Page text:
The area that would become Dersim province formed part of Urartu, Media, the Achaemenid Empire, and the Greater Armenian region of Sophene. Sophene was later contested by the Roman and Parthian Empires and by their respective successors, the Byzantine and Sassanid Empires. Arabs invaded in the 7th century, and Seljuq Turks in the 11th.

As of the end of the 19th century, the region (called "Dersim") was included in the Ottoman sancak (subprovince) of Hozat, including the city and the Vilayet of Mamuret-ül Aziz (Elazığ today), with the exception of the actual district of Pülümür, which was in the neighboring sancak of Erzincan, then a part of the Vilayet of Erzurum. This status continued through the first years of the Republic of Turkey, until 1936 when the name of the province ("Dersim") was changed to Tunceli, literally 'the land of bronze' in Turkish (tunç meaning 'bronze' and el (in this context) meaning 'land') after the brutal events of the Dersim rebellion. The town of Kalan was made the capital and the district of Pülümür was included in the new province.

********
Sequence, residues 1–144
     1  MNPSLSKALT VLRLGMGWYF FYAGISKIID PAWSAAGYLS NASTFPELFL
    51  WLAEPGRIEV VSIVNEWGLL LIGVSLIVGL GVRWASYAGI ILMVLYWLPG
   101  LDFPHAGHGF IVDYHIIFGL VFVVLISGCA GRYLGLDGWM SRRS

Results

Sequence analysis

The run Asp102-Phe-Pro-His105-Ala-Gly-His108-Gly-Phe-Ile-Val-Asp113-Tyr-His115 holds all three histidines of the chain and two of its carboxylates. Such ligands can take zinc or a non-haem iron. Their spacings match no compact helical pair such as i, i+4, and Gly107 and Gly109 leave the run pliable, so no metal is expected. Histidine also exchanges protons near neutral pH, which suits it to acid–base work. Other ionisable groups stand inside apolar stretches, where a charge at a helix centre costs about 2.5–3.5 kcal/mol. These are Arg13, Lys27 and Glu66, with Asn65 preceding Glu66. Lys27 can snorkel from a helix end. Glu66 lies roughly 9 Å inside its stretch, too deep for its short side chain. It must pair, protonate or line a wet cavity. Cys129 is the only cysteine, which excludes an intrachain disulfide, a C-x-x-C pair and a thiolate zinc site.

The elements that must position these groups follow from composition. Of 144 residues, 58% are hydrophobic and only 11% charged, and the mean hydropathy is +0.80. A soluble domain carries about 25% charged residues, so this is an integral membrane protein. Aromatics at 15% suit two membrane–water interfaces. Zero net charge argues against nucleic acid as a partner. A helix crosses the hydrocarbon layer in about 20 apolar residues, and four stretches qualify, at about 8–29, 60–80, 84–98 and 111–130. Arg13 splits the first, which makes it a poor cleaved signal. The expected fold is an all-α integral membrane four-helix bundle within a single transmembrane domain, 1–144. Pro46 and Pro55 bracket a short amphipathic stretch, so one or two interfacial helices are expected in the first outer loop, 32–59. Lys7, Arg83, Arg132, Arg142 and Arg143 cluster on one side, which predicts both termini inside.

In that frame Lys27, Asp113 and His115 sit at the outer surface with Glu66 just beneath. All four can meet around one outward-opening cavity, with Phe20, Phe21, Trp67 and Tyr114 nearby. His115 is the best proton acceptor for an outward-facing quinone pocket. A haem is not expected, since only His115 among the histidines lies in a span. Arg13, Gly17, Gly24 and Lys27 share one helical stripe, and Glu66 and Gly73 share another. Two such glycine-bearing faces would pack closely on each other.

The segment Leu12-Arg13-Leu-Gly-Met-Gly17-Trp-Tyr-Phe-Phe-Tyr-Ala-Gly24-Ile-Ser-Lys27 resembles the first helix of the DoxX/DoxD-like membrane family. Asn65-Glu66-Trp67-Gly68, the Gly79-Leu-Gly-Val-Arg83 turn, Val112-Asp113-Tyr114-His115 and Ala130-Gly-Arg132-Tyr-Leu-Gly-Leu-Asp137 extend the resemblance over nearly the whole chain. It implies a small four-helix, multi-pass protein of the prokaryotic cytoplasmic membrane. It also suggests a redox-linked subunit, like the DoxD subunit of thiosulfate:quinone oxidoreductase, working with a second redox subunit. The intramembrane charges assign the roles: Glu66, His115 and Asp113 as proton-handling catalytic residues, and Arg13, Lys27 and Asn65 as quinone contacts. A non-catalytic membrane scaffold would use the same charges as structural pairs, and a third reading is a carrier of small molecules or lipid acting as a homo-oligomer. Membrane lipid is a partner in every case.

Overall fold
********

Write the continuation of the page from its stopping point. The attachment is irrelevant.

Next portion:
Armenians of Dersim

Prior to the Armenian Genocide, The Armenians of Dersim lived peacefully alongside the Alevi Zazas, who partially assimilated into and had various Armenian beliefs. During the Armenian Genocide, many of the regions Armenians were living among the Alevi Zazas of the region, with whom they had good relations with. This allowed the Armenians to avoid deportation, and therefore survive the genocide unscathed, because their Alevi neighbors didn't have any negative affinity towards Armenians, and as explained before were somewhat Armenian themselves. The Armenians lived quietly in their mountain villages until 1938, when Turkish soldiers invaded the region to put down a Dersim rebellion, and in the process blew up the St Karapets monastery and killed around 60,000-70,000 Alevis and Armenians alike, causing an abrupt end to any open Armenian life in the province. Armenians now were forced to assimilate fully into the Alevi population, moving from their majority Armenian villages to blend in better with the population, and therefore becoming Crypto-Armenians. In modern times, many Armenians have recently tried to regain their identity with catalysts being Turkeys EU accession bid and Hrant Dinks murder, with the Union of Dersim Armenians being formed as an organization with their interests in mind.

Dersim Alevi Kurds